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Reporting from the St. George area focused on local government, public lands and the environment, indigenous issues and faith and spirituality.

Census Count Still Far From Complete On The Navajo Nation, As End Date Looms

A photo of a man nailing something to a house.
Kate Groetzinger
An employee of the Rural Utah Project nails an address sign on a house on the Navajo Nation. Most homes on the Nation do not have street addresses, which makes it harder to self-respond to the census.

The Navajo Nation joined a lawsuit against the U.S. Census Bureau earlier this month seeking to restore the census deadline to the end of October, which is when the bureau originally said it would end the count — before moving the deadline up in August. And last week, a federal judge issued an order to keep the bureau from winding down the count early.

Still, the census could end any day now, depending on how the court case plays out — and the count is still far from complete on the Navajo Nation, in part due to delays caused by the coronavirus pandemic.

Only around 20% of households on the Navajo Nation have self-responded to the questionnaire so far, and workers have yet to make it to over 25% of the households that did not self-respond. The bureau cannot calculate the total response rate for tribal areas, as it can for states, according to Cathy Lacy, a regional director with the bureau.

Without knowing the current response rate, it’s unclear how big the undercount will be, according to Lillian Schwales, an attorney for the Navajo Nation. She said an undercount like the one in 2010 would result in a loss of federal funding, again.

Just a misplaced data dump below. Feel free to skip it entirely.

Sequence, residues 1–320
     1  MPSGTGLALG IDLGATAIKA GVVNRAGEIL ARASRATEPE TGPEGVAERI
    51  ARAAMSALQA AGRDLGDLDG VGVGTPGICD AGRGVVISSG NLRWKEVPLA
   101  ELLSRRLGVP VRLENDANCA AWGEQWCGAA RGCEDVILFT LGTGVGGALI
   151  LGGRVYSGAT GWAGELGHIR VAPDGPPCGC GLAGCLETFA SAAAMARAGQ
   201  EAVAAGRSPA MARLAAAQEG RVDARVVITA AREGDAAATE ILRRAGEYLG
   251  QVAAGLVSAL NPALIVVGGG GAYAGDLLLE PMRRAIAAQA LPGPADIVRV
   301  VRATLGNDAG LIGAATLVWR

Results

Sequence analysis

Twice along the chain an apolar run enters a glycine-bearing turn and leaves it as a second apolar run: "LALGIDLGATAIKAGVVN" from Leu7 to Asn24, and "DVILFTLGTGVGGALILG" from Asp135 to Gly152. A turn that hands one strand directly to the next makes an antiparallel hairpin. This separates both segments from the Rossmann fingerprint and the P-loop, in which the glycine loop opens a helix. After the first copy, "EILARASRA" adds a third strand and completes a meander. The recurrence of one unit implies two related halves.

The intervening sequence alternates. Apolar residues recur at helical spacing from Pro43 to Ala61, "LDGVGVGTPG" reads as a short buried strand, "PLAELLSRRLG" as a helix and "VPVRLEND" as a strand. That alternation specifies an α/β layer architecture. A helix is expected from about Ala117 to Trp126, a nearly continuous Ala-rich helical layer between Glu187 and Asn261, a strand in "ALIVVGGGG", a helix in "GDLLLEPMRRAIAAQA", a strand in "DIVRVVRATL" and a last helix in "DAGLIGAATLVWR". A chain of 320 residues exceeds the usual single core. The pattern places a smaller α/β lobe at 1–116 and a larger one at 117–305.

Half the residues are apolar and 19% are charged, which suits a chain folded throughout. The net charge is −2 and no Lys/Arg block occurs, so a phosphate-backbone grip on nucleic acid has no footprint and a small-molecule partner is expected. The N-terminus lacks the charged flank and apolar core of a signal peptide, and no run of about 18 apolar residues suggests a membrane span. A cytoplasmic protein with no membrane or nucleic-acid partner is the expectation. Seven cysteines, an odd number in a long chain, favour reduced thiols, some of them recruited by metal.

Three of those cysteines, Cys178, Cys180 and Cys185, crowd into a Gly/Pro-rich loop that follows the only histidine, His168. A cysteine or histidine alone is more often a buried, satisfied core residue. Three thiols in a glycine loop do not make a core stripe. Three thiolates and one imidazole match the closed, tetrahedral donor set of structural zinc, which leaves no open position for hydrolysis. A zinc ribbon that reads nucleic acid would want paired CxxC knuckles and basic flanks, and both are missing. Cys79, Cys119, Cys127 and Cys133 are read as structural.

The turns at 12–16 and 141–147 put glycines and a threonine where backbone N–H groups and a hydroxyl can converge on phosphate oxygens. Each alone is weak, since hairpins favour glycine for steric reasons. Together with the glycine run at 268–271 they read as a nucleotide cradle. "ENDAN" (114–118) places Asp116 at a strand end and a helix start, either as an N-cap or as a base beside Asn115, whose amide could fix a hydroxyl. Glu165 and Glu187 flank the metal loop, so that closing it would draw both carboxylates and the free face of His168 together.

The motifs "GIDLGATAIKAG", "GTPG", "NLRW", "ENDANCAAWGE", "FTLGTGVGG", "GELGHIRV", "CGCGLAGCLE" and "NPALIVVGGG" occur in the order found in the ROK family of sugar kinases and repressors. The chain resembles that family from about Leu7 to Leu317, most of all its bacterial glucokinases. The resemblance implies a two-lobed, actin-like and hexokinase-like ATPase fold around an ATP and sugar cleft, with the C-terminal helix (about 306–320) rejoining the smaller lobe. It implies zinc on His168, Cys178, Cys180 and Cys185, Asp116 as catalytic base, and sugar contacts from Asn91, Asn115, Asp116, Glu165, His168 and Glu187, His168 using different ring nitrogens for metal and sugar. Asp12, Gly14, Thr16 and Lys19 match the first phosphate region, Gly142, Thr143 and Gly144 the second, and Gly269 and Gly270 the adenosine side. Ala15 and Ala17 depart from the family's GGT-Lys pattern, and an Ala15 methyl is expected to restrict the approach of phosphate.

“It significantly impacts the aid and funding that comes to the Navajo Nation, and that’s huge, particularly when we’re dealing with one third of the population who doesn’t have running water or electricity,” Schwales said. “That really contributed to the problems with the pandemic.”

In the past month, the Navajo Nation has made a big push to “get out the count”, according to Schwales. She said the government has purchased radio and social media advertisements aimed at getting members of the Navajo Nation to self-respond to the census — and non-profit organizations — like the Rural Utah Project, have held in-person census drives to help people fill out their questionnaire online.

But it barely made a dent in the self-response rate for the Navajo Nation, which was 18% at the beginning of this month.

“After all that, it’s still at 21%,” Schwales said. “If we had a chance to keep that up, we might be able to beat the 2010 numbers.”

But the most effective form of raising the response rate is in the hands of the Census Bureau, she said, which sends workers to each household to fill out the questionnaire in-person.

“Paper is what people are used to,” she said. “So they’re still waiting for enumerators to show up and fill out the census with them.”

The non-response follow up operation on the Navajo Nation is still in full swing, according to Lacy, who said the bureau brought workers in from outside the Navajo Nation to help with the count.

“We’re focused on getting every household reached, and getting a response for every household,” Lacy said. “And we’re on the ground doing that right now.”

It is possible that the bureau could end the count and then be forced to start it back up, depending on the court’s decision. If that happend, Lacy said the operation on the Navajo Nation could lose some momentum.

“I think people have lives,” she said. “If there were a hypothetical shut down, some [census workers] may not come back.”

Secretary of Commerce Wilbur Ross announced Monday afternoon that Oct. 5 is the “target date” to conclude census operations. It’s unclear how this affects the lawsuit, and whether that will be the last day of the 2020 count.

Kate joined KUER from Austin, Texas. She has a master's degree in journalism from the University of Texas at Austin’s Moody School of Communication. She has been an intern, fellow and reporter at Texas Monthly, the Texas Observer, Quartz, the Texas Standard and Voces, an oral history project. Kate began her public radio career at Austin’s NPR station, KUT, as a part-time reporter. She served as a corps member of Report For America, a public service program that partners with local newsrooms to bring reporters to undercovered areas across the country.
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